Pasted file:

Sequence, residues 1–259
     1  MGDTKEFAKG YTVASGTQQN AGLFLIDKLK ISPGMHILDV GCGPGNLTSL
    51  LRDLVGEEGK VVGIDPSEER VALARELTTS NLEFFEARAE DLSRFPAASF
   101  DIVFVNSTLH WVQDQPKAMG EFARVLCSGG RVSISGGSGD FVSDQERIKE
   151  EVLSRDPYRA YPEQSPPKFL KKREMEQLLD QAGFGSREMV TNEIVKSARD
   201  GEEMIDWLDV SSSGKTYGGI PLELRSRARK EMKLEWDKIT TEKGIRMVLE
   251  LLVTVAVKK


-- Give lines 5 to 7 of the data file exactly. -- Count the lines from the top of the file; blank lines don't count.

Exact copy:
   151  EVLSRDPYRA YPEQSPPKFL KKREMEQLLD QAGFGSREMV TNEIVKSARD
   201  GEEMIDWLDV SSSGKTYGGI PLELRSRARK EMKLEWDKIT TEKGIRMVLE
   251  LLVTVAVKK